April is Financial Literacy Month, and as we start to imagine a post-pandemic world, wellness has taken on deeper meaning in both our personal and professional lives.
From health and safety to navigating personal financial concerns, there are many challenges on our plates. Companies and employees are working together to carve out space and resources that promote and protect wellness—not only physically and mentally, but financially.
Approaching your finances the same way you approach your overall health may sound somewhat odd, but it’s all about balance. Coming out of 2020, our basic financial stability has been tested more than any period in recent memory—affecting different aspects of our wellbeing. Not being able to take care of ourselves financially can lead to high stress: In fact, a Financial Health Network survey people cite money as their top source of stress, no matter how much they earn. On top of that, 84% of Americans say COVID-19 is causing stress on their personal finances right now according to the National Endowment for Financial Education survey.
With all this in mind, what does it mean to invest in financial health, and where do we start?
It takes a village. Because financial stress affects all of us, it’s essential to learn from each other. Creating a financial wellness support team can mean everything from opening up with your friends and family to building a network through retreats and events. Workplace benefits and financial professionals can also help you build financial literacy, find useful resources, and avoid common pitfalls. A collaborative, holistic approach to financial wellness can open the door to new ideas as well as greater support.
Start small and start today. You can’t take care of yourself without taking care of your finances. Starting today, no matter where you are, with small incremental steps can make an impact on the financial future you’ve envisioned. Become a lifelong learner when it comes to your finances, knowing that the work that you do on financial wellness will touch other areas of your life in a positive way.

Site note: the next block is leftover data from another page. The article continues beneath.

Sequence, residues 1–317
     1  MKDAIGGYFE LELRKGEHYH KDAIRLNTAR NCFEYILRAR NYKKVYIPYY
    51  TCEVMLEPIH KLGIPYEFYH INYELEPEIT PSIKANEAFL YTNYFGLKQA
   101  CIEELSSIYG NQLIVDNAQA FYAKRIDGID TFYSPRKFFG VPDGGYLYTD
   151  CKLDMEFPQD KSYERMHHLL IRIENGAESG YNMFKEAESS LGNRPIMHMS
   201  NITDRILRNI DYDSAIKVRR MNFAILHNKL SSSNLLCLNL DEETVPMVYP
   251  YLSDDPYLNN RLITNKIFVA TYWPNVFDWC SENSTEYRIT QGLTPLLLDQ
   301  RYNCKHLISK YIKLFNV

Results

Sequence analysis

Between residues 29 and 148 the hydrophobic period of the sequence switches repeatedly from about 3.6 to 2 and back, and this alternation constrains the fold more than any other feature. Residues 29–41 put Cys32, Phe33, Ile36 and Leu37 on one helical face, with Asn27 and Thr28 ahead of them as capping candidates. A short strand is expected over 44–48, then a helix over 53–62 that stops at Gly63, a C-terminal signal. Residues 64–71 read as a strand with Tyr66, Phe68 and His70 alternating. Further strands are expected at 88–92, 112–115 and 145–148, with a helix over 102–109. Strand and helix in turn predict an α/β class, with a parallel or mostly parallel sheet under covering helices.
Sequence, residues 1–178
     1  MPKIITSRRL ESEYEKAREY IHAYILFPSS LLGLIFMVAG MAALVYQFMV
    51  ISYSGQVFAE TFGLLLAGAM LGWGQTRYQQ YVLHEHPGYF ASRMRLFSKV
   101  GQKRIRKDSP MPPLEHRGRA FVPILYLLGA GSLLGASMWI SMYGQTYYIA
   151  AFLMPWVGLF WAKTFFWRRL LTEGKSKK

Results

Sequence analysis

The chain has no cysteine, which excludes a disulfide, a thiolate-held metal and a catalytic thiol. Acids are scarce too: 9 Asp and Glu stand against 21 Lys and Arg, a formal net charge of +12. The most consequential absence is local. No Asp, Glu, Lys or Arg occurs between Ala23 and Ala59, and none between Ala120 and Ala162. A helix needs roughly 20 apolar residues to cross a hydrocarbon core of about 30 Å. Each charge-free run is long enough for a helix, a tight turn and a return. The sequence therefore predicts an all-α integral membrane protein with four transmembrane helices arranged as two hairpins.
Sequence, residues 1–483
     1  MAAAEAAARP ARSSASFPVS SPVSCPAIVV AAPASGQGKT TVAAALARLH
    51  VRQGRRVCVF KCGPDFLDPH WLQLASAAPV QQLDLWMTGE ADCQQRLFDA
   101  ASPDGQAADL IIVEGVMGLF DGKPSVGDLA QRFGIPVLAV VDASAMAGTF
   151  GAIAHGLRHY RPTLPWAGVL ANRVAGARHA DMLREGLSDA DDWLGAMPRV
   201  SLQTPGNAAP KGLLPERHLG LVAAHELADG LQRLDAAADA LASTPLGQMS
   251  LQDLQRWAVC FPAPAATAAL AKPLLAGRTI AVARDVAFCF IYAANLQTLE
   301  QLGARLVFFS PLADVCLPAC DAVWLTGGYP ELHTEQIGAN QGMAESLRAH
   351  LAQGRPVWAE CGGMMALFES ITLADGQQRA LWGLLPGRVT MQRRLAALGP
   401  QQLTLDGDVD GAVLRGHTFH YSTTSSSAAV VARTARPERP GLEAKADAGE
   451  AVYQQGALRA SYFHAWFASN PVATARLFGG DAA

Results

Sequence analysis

Hone a holistic approach. The coronavirus pandemic has reminded us how much our wellness is interconnected with the world around us. Similarly, each area of our personal wellness is interconnected. Financial, mental, and physical wellness is all about balance. Financial wellness shouldn’t be thought of in a vacuum, and you are at your best at home, at work, and balancing your portfolio when your mind and body are well rested and healthy.
Keep an eye on both the short and long term. A survey from Employee Benefit Research Institute (EBRI), found saving for a comfortable retirement is a challenge, with just 62% of workers confident they will have enough put away.Part of financial literacy is learning to balance long-term planning with short-term needs. Effectively managing budgeting, credit, and debt can give you a major advantage when it comes to achieving long-term goals. Track monthly bills and spending, identify debt with the highest interest rates, or look for opportunities to consolidate and refinance what you owe.